In many American cities, pedestrian and cyclist deaths are climbing—even in cities that are aiming to eliminate traffic deaths and injuries through “Vision Zero” goals. In San Francisco, where 18 pedestrians were hit and killed by cars last year, along with 10 people in vehicles and one cyclist, the city declared a state of emergency for vehicle safety. In New York City, as of late December, 114 pedestrians had been killed in 2019, and there were more than twice as many cyclist deaths as the year before.
In Oslo, Norway, by contrast, there were zero pedestrian deaths in 2019. There were also zero cyclist deaths. Only one person died in a car crash, a driver who ran into a fence. The city is smaller than San Francisco and New York but roughly the same size as Portland, Oregon—another city that wants to eliminate traffic deaths—where 49 people were killed in car crashes last year.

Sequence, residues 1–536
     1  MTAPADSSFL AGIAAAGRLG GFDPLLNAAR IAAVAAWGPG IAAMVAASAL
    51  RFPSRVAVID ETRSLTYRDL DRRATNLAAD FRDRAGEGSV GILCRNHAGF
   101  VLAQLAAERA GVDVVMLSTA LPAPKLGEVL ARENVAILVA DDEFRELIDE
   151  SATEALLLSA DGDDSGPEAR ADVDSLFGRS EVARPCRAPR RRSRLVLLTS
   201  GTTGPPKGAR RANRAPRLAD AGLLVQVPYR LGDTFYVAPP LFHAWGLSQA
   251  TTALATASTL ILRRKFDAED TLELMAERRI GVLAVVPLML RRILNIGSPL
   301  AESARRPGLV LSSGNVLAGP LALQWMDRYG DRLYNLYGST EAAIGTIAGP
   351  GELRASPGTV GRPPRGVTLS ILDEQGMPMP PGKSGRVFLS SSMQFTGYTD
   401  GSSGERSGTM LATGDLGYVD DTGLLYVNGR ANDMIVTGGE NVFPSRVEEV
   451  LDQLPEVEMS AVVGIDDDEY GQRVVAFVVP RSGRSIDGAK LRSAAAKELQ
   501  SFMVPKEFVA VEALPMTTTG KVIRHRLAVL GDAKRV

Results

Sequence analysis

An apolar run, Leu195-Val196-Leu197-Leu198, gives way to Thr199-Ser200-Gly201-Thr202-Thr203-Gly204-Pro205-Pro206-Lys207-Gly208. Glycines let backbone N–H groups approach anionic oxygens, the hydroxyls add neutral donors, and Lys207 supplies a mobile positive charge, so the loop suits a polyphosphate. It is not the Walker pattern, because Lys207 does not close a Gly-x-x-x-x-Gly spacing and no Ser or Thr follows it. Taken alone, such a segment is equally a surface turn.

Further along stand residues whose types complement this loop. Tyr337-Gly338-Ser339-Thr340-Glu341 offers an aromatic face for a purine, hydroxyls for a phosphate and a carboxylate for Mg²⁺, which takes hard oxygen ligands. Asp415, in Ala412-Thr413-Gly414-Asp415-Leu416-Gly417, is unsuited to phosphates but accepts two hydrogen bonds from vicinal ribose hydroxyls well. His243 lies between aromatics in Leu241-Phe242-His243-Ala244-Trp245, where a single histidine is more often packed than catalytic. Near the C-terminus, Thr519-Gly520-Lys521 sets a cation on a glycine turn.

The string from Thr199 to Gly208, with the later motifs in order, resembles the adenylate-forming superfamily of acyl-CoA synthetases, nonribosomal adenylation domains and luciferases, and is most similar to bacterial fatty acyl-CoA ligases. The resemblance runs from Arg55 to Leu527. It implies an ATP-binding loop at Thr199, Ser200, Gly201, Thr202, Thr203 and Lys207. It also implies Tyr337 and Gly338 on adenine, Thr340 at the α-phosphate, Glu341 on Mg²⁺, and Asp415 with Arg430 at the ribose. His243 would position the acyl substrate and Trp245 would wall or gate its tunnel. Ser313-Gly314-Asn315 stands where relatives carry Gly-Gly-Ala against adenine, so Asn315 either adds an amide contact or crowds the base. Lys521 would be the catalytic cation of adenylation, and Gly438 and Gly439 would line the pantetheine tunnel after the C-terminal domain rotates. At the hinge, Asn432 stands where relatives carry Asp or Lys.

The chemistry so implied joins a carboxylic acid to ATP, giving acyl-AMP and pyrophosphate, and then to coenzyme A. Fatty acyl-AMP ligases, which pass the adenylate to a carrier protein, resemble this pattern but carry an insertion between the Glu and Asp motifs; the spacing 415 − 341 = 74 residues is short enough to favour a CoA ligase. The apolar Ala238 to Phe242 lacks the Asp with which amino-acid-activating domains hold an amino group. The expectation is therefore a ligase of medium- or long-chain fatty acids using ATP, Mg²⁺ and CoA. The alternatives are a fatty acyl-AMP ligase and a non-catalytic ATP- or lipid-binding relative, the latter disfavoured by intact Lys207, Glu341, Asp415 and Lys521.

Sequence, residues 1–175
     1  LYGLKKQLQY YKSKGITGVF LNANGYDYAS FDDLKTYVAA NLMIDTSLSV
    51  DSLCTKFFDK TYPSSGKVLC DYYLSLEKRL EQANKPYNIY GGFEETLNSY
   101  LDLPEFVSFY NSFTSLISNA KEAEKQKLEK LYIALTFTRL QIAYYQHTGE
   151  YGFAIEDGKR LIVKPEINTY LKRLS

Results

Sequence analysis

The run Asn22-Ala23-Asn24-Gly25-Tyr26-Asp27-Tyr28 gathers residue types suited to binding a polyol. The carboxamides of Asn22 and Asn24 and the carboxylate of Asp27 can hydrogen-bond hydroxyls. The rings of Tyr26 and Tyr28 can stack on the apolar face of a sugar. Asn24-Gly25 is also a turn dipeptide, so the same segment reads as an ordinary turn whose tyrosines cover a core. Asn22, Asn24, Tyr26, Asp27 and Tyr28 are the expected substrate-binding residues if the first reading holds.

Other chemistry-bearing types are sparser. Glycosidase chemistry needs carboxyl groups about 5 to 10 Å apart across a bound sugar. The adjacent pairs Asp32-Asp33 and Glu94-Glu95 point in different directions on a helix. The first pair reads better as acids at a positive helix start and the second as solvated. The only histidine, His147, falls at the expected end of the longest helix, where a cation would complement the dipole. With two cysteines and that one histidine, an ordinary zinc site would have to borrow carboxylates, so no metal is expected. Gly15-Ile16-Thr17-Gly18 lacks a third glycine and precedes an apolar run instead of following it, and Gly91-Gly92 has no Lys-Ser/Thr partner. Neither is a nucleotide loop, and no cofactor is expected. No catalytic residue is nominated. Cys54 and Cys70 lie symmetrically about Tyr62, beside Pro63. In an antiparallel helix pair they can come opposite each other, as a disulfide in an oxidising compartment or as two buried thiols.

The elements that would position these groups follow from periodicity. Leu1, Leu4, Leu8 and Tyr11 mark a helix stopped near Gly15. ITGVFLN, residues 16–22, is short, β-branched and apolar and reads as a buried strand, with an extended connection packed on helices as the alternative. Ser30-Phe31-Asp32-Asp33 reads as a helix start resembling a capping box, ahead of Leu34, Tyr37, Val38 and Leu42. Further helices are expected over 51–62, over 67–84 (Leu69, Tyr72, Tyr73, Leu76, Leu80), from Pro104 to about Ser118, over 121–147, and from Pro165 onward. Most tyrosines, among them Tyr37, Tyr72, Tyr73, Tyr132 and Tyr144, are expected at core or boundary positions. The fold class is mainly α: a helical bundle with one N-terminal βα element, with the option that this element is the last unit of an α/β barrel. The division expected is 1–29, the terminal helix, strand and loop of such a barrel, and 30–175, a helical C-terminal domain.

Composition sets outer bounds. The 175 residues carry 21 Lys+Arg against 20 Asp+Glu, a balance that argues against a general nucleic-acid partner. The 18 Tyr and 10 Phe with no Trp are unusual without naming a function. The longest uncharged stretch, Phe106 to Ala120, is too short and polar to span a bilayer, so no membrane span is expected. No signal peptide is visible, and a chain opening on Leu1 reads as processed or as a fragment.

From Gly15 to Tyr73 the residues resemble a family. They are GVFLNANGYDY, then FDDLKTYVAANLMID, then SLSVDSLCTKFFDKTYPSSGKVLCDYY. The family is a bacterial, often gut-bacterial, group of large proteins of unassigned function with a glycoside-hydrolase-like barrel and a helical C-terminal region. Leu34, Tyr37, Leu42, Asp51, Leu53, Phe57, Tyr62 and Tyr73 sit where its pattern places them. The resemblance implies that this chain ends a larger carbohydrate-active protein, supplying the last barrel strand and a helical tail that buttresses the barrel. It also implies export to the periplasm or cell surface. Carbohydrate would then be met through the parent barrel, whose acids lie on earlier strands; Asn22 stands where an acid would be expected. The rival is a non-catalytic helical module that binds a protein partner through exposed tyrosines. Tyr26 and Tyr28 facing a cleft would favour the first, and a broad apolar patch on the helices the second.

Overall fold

What’s the difference? At a national level, Norway has more political support for ending “accidents” that can be avoided through better infrastructure design, more traffic enforcement, and other changes in policy. “The most important [factor] might be that road safety has been a priority for many years and has given us a reduction of road deaths, from 560 people yearly in the 1970s to 110 deaths in 2019,” says Christoffer Solstad Steen, who works with Trygg Trafikk, an Oslo-based organization that focuses on traffic safety. “When many stakeholders—government, locals, organizations—work together with a shared vision of zero deaths and heavy injuries, it gives results over time.”